The Court’s decision provides a modest measure of relief. At least, property owners like petitioners will have the right to challenge the EPA’s jurisdictional determina­tion under the… More

RCRA Citizen Suits Are Still Constitutional

2012 is shaping up to be the Year of the Commerce Clause. Not only is the Commerce Clause at the center of the Supreme Court ‘s impending review of the Affordable Care Act later this spring; it is also at the heart of a statement made by a federal district judge in Voggenthaler v. Maryland Square, LLC that the Constitution bars the application of RCRA’s citizen suit provision in the case of a local groundwater contamination plume:

The central issue in this case is an alleged contamination plume located in Las Vegas, Nevada. As noted by [defendant]… More

CEQ Issues Guidance For Streamlining NEPA Reviews: Can You Say “Content-Free”?

The Council on Environmental Quality has released it guidance on “Improving the Process for Preparing Efficient and Timely Environmental Reviews under the National Environmental Policy Act.” As far as I can tell, the guidance provides literally nothing on improving the process. It is instead a compendium of how wonderful the process already is in allowing and encouraging appropriate flexibility in complying with NEPA. I’m not sold.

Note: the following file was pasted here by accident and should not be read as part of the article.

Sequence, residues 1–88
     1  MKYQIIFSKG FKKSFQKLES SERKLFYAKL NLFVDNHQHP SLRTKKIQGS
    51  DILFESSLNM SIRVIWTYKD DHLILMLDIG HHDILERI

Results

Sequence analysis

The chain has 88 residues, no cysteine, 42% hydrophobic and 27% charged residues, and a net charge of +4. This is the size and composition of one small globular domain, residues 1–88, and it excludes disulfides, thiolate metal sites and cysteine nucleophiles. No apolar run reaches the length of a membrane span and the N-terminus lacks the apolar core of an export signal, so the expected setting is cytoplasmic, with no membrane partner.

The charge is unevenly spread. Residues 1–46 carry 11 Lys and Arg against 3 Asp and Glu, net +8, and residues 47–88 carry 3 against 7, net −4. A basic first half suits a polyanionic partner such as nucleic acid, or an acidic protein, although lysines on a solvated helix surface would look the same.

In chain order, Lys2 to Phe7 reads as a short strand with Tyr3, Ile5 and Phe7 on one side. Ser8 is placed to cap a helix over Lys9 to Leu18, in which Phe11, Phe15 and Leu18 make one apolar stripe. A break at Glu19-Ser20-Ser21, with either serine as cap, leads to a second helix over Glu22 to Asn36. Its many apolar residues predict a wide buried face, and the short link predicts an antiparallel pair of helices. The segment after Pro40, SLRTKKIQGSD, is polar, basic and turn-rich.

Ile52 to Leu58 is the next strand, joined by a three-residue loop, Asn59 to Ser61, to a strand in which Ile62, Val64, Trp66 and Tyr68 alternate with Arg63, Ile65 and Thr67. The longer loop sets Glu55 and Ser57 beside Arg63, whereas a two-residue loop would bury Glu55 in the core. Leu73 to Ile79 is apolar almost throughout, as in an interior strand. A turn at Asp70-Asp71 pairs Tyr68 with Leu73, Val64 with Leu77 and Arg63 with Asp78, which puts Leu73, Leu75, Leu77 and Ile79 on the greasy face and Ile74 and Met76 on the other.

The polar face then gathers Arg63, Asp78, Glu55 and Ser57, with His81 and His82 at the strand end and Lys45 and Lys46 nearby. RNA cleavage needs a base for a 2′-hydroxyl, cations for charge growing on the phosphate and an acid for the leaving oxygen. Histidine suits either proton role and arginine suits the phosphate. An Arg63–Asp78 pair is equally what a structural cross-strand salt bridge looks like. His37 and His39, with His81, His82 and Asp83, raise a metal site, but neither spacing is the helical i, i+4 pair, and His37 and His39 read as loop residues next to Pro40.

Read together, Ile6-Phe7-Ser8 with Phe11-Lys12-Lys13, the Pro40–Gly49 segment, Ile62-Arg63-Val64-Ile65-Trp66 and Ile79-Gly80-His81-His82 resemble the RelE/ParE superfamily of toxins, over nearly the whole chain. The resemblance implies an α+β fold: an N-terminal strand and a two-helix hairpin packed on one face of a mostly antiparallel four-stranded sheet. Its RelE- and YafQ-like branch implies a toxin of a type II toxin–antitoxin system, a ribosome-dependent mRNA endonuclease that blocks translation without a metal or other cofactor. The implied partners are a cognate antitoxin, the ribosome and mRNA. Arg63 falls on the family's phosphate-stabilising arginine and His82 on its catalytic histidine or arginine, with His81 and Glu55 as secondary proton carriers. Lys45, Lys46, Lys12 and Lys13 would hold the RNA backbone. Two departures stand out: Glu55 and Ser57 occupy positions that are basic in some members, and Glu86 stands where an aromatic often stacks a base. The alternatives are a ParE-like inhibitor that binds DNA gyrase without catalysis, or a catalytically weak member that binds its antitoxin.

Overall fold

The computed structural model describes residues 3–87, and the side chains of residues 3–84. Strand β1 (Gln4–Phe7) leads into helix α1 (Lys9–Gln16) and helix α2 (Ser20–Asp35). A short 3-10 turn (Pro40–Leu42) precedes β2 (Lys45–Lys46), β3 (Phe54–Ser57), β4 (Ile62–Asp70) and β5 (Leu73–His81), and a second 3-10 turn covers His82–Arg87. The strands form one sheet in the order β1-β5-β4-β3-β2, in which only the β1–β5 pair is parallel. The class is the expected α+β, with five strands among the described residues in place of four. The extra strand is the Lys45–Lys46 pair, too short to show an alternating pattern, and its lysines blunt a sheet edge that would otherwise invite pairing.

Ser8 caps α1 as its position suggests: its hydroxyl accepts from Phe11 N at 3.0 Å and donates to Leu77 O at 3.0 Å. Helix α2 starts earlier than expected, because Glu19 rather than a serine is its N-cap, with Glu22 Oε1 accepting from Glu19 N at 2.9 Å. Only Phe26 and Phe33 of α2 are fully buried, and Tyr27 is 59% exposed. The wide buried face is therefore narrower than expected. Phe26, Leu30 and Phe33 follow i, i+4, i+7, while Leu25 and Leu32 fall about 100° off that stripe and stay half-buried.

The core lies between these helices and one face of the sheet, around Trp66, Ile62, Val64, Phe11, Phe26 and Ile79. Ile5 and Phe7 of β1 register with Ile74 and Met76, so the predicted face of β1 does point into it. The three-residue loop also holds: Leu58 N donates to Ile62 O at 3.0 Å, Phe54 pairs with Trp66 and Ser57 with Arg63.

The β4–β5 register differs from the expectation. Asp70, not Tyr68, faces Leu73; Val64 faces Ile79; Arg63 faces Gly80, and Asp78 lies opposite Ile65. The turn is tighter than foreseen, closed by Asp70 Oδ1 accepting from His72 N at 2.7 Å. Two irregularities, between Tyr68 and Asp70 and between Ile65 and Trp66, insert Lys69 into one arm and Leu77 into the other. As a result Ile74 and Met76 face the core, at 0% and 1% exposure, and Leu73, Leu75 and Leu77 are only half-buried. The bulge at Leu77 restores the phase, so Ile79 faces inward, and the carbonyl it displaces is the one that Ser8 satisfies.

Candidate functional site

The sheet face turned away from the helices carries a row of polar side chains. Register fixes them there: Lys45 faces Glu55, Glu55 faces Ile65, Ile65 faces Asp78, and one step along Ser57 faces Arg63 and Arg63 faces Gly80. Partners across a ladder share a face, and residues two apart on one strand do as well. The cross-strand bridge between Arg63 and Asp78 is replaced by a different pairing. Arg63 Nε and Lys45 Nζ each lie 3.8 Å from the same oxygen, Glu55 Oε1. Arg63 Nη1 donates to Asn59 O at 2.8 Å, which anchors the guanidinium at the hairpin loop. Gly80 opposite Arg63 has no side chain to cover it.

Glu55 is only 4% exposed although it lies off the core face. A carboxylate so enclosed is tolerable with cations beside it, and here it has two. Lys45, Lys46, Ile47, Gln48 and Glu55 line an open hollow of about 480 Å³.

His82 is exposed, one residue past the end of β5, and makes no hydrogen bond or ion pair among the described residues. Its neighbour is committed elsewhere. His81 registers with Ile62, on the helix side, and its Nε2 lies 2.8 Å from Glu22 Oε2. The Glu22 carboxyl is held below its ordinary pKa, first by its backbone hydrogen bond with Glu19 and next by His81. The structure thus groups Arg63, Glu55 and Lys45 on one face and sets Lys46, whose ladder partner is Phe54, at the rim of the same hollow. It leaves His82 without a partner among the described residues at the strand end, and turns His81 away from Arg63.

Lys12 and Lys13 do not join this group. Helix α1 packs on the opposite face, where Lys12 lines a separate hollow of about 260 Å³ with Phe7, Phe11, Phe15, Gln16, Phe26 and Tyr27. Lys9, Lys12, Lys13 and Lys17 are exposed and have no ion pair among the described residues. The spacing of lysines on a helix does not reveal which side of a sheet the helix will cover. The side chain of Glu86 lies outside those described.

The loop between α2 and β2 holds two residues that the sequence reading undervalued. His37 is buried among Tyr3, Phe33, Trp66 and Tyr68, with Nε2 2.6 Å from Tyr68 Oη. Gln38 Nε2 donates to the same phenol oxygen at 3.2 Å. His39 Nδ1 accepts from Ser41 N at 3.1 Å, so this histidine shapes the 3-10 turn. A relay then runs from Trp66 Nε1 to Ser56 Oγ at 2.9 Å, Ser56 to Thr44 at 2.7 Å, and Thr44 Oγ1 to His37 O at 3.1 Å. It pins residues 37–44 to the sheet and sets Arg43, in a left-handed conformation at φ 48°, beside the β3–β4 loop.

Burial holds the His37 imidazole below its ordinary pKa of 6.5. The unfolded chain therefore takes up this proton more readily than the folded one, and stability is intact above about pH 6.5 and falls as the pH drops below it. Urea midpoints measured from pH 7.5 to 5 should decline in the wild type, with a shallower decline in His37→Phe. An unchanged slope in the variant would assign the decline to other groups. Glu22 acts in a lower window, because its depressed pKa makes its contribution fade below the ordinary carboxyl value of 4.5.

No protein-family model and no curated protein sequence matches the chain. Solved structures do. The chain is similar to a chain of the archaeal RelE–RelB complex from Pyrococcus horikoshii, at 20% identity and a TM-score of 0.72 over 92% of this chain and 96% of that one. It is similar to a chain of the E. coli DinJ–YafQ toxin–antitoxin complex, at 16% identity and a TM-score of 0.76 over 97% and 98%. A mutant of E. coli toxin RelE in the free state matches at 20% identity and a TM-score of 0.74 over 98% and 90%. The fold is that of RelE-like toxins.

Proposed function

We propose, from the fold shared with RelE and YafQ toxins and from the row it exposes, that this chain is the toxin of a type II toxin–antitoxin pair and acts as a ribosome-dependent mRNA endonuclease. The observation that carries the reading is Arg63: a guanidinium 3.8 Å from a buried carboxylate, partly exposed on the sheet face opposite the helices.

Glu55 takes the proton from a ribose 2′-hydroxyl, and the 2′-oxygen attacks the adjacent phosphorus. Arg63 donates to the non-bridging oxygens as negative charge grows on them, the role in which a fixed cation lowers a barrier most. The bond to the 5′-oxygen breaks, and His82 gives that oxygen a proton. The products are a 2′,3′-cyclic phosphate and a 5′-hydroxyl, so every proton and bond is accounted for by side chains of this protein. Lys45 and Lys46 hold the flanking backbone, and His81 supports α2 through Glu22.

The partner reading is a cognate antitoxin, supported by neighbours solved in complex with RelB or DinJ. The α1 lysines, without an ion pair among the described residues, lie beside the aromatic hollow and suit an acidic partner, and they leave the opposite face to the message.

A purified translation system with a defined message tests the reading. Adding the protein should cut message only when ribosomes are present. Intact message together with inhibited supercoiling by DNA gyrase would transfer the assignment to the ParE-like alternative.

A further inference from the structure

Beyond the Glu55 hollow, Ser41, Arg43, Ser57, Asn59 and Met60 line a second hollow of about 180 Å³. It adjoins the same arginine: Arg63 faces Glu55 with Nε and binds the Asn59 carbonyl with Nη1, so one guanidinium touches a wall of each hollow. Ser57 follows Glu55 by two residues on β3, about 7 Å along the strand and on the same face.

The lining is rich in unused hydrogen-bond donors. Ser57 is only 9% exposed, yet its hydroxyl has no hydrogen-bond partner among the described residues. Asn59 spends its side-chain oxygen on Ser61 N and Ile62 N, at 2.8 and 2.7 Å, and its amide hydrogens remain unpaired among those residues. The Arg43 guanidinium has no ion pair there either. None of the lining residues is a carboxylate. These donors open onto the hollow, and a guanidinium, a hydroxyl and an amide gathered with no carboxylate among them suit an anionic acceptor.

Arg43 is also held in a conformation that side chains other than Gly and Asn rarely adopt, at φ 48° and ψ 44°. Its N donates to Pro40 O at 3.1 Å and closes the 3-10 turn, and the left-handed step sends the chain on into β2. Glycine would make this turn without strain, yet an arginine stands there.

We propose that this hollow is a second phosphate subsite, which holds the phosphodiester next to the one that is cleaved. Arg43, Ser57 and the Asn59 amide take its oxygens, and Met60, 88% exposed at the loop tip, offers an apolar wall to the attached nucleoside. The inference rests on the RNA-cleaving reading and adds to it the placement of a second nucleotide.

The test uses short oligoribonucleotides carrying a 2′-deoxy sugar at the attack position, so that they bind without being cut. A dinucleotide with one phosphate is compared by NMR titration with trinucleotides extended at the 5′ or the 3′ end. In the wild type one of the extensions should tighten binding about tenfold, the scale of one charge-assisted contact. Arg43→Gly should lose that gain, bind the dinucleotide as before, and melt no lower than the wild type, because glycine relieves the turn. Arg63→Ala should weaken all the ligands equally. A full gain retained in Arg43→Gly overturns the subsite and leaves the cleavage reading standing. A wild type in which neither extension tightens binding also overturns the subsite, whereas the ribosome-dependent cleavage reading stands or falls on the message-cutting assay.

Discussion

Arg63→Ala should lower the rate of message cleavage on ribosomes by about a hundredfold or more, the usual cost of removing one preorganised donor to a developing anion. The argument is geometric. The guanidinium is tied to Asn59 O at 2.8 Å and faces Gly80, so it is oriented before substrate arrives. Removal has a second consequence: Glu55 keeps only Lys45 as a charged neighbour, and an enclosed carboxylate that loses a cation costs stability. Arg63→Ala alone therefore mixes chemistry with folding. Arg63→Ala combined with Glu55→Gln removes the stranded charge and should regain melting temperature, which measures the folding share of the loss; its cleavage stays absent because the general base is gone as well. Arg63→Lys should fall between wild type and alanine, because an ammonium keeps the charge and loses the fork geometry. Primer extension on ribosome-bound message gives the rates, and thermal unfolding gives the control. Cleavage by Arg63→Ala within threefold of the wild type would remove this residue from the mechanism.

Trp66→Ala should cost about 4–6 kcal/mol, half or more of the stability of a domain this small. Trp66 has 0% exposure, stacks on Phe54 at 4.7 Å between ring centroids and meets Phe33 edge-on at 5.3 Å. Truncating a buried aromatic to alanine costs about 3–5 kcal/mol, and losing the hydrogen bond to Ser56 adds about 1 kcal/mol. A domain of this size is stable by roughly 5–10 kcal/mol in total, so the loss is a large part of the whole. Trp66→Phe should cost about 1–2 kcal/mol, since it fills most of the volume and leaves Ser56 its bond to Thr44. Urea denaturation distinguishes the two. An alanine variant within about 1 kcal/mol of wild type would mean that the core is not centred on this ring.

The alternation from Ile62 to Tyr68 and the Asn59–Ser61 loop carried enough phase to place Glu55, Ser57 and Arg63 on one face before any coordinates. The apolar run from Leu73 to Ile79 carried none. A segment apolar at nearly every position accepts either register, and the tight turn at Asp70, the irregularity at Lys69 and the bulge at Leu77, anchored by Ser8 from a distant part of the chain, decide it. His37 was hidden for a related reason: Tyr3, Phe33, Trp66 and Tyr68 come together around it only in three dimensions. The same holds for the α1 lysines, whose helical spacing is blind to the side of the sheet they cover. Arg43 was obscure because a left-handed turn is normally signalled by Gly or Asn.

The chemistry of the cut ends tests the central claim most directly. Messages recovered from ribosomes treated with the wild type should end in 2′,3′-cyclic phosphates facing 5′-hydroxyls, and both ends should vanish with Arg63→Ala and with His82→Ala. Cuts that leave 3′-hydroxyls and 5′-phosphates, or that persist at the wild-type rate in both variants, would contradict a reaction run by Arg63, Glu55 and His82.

In fairness, CEQ has a tough task here. It’s trying to satisfy everyone, including NGOs and environmental justice advocates, as well as project proponents. As I noted yesterday in my post on regulatory reform in Massachusetts, sometimes… More

Shocking News: The D.C. Circuit Court of Appeals Is Not Going to Overturn Massachusetts v. EPA

Since I already violated my rule against speculating on the outcome of a case based on oral argument, I might as well do it again. I have always said that EPA’s endangerment finding would survive judicial review and that conclusion seems only more likely to prove correct following yesterday’s oral argument before the D.C. Circuit Court of Appeals.